Get ready for the gold rush. On Sept. 29—a.k.a. "Gold Friday"—Godiva will unveil a new take on one of the great confectionery icons, the Godiva gold ballotin box of chocolates.
"Godiva's gold box is one of the most recognized pieces of packaging in the U.S., along with Tiffany's blue box and Bloomingdale's big bag," says Clay Gordon, a chocolate expert and editor of Chocophile.com. The makeover is part of a larger brand makeover but goes beyond mere repackaging—Godiva tweaked 23 of the recipes and added 11 new pieces.
Founded in 1926, Godiva dominates in the U.S. gourmet chocolate market, selling more than $200 million worth of confections each year. With medical studies trumping the health benefits of dark chocolate, the candy is a hot commodity. It's also one of the top emerging luxury trends. Americans spent $15.8 billion on chocolate confections in 2005, according to the Commerce Dept., up 3% from the year before.
But there are now more companies than ever fighting for those sweet-tooth dollars. Godiva's molded chocolates in the Belgian tradition must compete against European luxury brands such as Neuhaus and Leonidas. Then there are the boutique U.S. offerings—think Jacques Torres and Mariebelle—and with mass-market heavyweights such as MasterFoods and Russell Stover introducing upscale lines, "Godiva's brand image had gotten pretty stale," Gordon says.
To lure customers back, Godiva, which is owned by Campbell's Soup (CPB), implemented a revitalization plan three years ago. "As our business softened in 2001 and 2002, we stepped back and took a look at [the product line]," says Sharon Rothstein, Godiva's vice-president for global marketing & merchandise.
The company expanded its product lineup, adding two chocolate lines at different price points. The couture collection, known as G, hit the market in late 2003. Available in limited qualities at select Godiva stores and upscale retailers like Neiman Marcus and Saks Fifth Avenue, these beautiful chocolates feature American flavors like Bananas Foster and P.B. & Jam, and cost a whopping $80 for a box of 30, whereas the core 36-piece gold ballotin box sells for $38. It's a strange juxtaposition to have such a quintessentially American flavor costing so much, but the higher price point is due to the fact that each piece is finished by hand.
In April, 2005, Godiva introduced its Platinum line, with more modern pieces, including pairings of chocolate and spicy ginger. A 30-piece platinum box retails for $44. The lines aren't aimed at different consumers, but they create layers of exclusivity, Gordon says.
In addition, Godiva has overhauled its truffle collection, launched a sugar-free line, and, in a more radical brand extension, partnered with Coca-Cola (KO) to introduce a new line of premium blended drinks called Godiva Belgian Blends. Finally, many of Godiva's 275 boutiques in North America are getting a facelift, featuring airy, uncluttered spaces as well as tasting bars designed to give customers one-on-one interactions with staff. Walk into one of the updated stores in New York, and you'll see strawberries being dipped in chocolate.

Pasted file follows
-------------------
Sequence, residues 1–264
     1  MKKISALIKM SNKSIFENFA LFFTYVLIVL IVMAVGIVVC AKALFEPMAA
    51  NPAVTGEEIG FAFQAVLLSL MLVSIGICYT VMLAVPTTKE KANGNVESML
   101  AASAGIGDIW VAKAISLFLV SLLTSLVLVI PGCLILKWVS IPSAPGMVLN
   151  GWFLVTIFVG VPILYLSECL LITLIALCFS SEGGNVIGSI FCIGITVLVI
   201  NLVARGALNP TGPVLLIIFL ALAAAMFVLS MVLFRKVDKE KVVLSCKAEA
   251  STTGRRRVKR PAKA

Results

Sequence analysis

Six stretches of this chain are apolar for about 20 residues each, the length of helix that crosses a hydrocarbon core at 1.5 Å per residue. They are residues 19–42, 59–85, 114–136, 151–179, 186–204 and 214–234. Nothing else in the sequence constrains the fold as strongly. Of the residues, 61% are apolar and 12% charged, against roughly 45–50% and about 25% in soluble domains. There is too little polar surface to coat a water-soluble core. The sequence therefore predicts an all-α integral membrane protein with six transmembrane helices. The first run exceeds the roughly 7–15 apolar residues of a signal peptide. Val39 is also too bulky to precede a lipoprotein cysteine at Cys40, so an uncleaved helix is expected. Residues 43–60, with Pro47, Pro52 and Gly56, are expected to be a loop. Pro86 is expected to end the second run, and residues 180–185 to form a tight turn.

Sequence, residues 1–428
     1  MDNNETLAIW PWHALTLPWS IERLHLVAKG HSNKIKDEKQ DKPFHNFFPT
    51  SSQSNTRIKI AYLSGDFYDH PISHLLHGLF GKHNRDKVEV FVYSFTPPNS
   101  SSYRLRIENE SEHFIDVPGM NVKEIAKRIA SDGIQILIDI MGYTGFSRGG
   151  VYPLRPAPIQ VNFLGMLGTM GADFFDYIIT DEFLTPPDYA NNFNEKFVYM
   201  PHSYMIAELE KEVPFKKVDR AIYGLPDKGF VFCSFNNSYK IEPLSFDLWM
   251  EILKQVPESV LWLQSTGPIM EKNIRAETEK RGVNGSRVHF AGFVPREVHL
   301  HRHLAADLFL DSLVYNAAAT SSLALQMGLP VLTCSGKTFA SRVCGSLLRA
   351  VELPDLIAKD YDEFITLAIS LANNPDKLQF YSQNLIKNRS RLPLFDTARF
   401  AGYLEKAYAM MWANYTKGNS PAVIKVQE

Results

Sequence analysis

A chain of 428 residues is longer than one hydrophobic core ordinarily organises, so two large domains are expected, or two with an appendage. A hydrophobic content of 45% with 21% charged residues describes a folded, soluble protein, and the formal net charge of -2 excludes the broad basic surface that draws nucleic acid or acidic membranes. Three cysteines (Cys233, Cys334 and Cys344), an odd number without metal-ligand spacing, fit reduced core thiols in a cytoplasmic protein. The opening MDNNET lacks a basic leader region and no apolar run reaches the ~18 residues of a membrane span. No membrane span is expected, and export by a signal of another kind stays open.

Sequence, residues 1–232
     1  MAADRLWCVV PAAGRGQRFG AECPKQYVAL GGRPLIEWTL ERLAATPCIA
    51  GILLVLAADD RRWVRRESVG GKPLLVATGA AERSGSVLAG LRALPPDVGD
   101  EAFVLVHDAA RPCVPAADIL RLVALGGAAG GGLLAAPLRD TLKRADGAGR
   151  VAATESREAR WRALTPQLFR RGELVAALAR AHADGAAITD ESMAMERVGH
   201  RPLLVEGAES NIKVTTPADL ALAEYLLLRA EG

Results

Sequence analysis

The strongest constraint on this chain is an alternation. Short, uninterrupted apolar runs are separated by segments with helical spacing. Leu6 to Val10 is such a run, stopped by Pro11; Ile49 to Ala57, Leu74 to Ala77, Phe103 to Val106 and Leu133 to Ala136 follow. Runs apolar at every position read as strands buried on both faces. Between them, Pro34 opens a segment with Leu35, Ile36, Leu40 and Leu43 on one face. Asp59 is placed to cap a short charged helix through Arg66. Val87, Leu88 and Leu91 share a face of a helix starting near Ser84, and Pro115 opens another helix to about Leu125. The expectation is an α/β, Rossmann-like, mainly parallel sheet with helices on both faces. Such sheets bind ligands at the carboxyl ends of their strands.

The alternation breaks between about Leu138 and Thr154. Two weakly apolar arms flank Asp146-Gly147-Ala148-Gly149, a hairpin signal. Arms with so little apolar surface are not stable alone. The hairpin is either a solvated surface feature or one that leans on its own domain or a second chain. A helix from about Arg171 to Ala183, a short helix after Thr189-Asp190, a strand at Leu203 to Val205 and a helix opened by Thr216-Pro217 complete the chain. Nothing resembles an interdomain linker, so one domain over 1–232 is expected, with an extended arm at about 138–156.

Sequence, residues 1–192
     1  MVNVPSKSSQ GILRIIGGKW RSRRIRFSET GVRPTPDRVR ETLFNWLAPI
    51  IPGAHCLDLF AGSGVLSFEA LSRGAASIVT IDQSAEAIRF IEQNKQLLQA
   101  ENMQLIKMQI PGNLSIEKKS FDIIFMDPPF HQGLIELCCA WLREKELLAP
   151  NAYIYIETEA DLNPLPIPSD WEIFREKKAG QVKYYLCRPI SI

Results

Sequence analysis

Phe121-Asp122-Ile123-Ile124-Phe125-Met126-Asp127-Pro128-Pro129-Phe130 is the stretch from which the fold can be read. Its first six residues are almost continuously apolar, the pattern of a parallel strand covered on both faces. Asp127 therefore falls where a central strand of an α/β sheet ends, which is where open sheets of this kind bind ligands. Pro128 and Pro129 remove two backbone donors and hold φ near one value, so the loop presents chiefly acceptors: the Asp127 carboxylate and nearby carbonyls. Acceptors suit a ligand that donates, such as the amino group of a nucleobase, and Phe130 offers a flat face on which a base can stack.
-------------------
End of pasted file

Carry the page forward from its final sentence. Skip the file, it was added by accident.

Assembling a team of BusinessWeek staff that mirrors Godiva's core customer—women ages 25 to 40—we took a sneak bite of Godiva's new Gold collection. (That demographic, incidentally, consumes roughly eight servings each month, according to a report on premium chocolate by consumer-research firm Mintel.) A few men stopped by to offer up their opinions, as our testers conducted a side-by-side comparison of the old and new standard 36-piece one-pound gold ballotin box.
Everyone agreed that the beautiful new box, which is bigger and encased a thick textured gold paper, looks more luxurious. The old box had a cheap-looking foil cover and was wrapped in a thin cord. The new boxes are wrapped in thicker ribbon snap band, designed to help customers identify the different milk, dark, white, nut, caramel, and mint collections.
Inside the box, it's a different story. We actually preferred the layout of the old box, which showcases the company's delicate moldings—including pieces shaped in beautiful textured seashells and swirling hearts. While the new box separates pieces into different brown pockets, the old box features artfully arranged layers in bigger pockets. "This looks like something that your Aunt Mary would have on her coffee table," one taster said of the old box. "It's beautiful."
The new box goes for a modern feel. Pieces are decorated with colorful printed designs, and then there are the new flavors: a pecan-carmel duet (a layer of crunchy caramel over milk chocolate), a caramel-accented milk chocolate ganache, and pieces filled with sweet cherry, tangy raspberry, and refreshing mint.
SHOOTING FOR THE HIP.
So how did the new chocolates taste? Among the new pieces that got rave reviews, we liked the raspberry-caramel duet—a mix of raspberry caramel and dark chocolate—and the macadamia mosaic, which has a crunchy bite.
While the company saved the relaunch of its core Gold product lineup until last, the redesign has been under way for more than 18 months, Rothstein says. "This is the culmination of our efforts to revitalize and reinvent our brand," she adds. The launch wouldn't have worked the other way around, Gordon notes. "What they needed to do was to make Godiva hip and fashionable again," he says.
To that end, Desperate Housewives star Teri Hatcher emerged as Godiva's pitchwoman last Valentine's Day. The Gold launch will be supported by advertising in magazines such as Vanity Fair, InStyle, Vogue, Elle, and Harper's Bazaar, as well as outdoor advertising.
While the success of the Gold relaunch is too early to call, the company has already done a remarkable job of generating buzz with its other brand efforts—sales were up 6% in the past year. For Godiva, the new Gold collection could prove to be a gold mine.